Some 1.2 billion people live on less than $1.25 per day. Wars rage around the world. Climate change is knocking at our door. In all, there's a lot to be afraid of.
But there's also a lot to be proud of. In the last three decades, extreme poverty has plummeted, improving the lives of literally billions of people around the world. Many countries are experiencing declining birth rates--thanks in large part to aggressive campaigns in the developing world. More people have access to cell phones, Internet, electricity, clean water, health care, and education than ever before. The 21st century is also shaping up to be the least violent yet.
We often don't hear about the progress that humankind has made. Instead, to turn on the news is to be transported into a fiery hellscape of doom and gloom. Serious and pressing problems exist--but the narrative so far has been to focus solely on the bad. It's the 'if it bleeds, it leads' problem of news media, where negative stories attract readers and viewers. This has contributed to a precipitous decline in optimism.
Optimism Versus Pessimism
Being optimistic about your life can improve your physical health. Optimistic people recover faster from surgery, have lower rates of heart disease, and are generally happier. This type of personal optimism is good for your body. But that's not what I'm talking about in this essay. I'm talking about societal-level confidence in our future and humanity's ability to overcome its greatest challenges.
My purpose is to persuade against pessimism--the kind of pessimism that encourages the best and brightest to give up, that disenchants young people, that changes ambition into apathy, and that twist labels like 'idealistic' into something childish and naïve. This kind of pessimism is an infectious affront to progress. And if we keep it up, it will deter people from pursuing careers dedicated to fighting to make the world a better place.
This defeatism has led to belittling people who try to make a difference. These individuals are met with pessimism and doubt--instead of praise and encouragement--for wanting a career 'helping people.' We should be teaching idealism, not criticizing it. We should all have a little more faith in our ability to face the world's problems, and challenge others to do the same.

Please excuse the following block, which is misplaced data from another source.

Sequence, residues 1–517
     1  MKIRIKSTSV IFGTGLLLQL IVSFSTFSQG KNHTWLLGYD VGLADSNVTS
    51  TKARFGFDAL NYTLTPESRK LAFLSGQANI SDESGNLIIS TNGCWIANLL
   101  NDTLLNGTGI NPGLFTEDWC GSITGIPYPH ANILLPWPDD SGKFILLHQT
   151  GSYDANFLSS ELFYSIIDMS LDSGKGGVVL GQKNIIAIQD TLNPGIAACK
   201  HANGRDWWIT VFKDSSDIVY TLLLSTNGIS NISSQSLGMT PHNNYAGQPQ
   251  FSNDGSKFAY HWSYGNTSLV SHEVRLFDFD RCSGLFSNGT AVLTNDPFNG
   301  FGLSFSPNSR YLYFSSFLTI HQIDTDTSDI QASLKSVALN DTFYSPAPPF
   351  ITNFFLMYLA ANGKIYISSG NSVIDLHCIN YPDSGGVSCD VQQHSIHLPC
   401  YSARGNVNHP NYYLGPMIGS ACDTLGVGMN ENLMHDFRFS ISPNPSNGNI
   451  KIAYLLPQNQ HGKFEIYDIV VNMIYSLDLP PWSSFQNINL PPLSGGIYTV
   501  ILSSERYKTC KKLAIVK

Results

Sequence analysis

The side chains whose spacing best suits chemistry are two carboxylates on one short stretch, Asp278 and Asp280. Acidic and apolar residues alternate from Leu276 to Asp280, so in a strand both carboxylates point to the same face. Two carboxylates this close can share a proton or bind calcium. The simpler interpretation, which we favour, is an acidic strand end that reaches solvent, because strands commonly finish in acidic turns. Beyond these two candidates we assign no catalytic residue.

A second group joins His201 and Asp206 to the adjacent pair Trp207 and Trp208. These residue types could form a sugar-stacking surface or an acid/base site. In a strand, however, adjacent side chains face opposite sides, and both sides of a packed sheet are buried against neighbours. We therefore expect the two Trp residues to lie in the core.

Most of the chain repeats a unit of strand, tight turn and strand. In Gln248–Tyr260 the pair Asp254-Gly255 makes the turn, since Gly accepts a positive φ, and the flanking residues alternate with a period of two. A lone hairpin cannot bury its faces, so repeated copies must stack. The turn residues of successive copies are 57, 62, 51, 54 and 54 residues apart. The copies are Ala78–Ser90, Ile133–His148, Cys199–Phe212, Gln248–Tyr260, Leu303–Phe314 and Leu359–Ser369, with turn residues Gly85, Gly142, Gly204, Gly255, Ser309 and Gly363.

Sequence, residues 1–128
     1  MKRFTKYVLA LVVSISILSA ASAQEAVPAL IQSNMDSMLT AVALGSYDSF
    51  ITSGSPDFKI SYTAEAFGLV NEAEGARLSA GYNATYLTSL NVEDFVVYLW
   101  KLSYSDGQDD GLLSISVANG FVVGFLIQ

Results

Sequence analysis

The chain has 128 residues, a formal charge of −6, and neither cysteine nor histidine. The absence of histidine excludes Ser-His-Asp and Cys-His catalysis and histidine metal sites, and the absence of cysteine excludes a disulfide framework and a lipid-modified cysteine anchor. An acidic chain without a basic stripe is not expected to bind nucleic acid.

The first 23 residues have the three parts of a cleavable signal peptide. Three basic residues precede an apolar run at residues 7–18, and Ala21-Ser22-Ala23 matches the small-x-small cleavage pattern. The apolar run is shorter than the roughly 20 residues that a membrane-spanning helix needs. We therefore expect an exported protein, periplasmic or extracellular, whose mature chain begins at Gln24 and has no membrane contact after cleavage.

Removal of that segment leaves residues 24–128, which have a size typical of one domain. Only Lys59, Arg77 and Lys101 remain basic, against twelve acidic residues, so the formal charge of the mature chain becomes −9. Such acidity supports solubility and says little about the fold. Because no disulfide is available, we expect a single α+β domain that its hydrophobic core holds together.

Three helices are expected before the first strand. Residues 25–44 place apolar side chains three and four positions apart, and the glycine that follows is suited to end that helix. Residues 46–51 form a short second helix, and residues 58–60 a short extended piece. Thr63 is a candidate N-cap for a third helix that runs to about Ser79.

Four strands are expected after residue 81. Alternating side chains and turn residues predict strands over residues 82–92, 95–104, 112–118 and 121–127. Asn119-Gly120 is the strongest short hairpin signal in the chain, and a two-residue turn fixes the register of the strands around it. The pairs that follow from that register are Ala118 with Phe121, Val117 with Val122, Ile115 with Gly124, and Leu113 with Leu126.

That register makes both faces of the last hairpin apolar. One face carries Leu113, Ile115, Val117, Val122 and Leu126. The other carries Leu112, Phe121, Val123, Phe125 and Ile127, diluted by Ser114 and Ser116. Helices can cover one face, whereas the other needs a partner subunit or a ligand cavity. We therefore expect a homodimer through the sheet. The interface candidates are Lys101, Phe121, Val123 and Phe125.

To celebrate important progress is not an excuse to be complacent or to pat ourselves on the back, but a call to action, to reinvigorate our efforts to change the world and tackle today's problems: global climate change, oppression, human trafficking, poverty, disease, and more. We should look back on our successes for guidance about how to move forward and meet the challenges of our time. Remembering how far we've come is crucial to deciding where we need to go and how.
A recent TED Talk credits the rise in technology with, in the last century, doubling human lifespan, increasing literacy from 25% to 80%, making food 10x cheaper and transportation 100x cheaper. It's helpful to show individuals who are uninterested or disillusioned that people have come together and can come together again to effect a positive change on the world. All is not lost. Not even close.
And if you think all is lost--if you think there is nothing that can be done to ameliorate or mitigate the changing climate, unregulated capitalism, oppressive governments, or heart-wrenching poverty--then it's best if you step aside and allow those who believe in humanity to take the reins and move our world forward.
Following Africa's Lead
Africa is the world's poorest continent, lagging behind in nearly every metric of success and development. Yet Africans are some of the most optimistic about their future. Fourteen out of the world's 15 most optimistic countries are in Africa, according to a Gallup poll.
This means something. It means that, despite everything, more Africans see the future as bright than those of us from much wealthier and developed countries. And that surely influences their ability to work to improve their lives and the lives of those around them. Being pessimistic and lamenting about the world's woes is too easy. It's actively fighting this mentality and fighting for change that is difficult and deserves our full attention.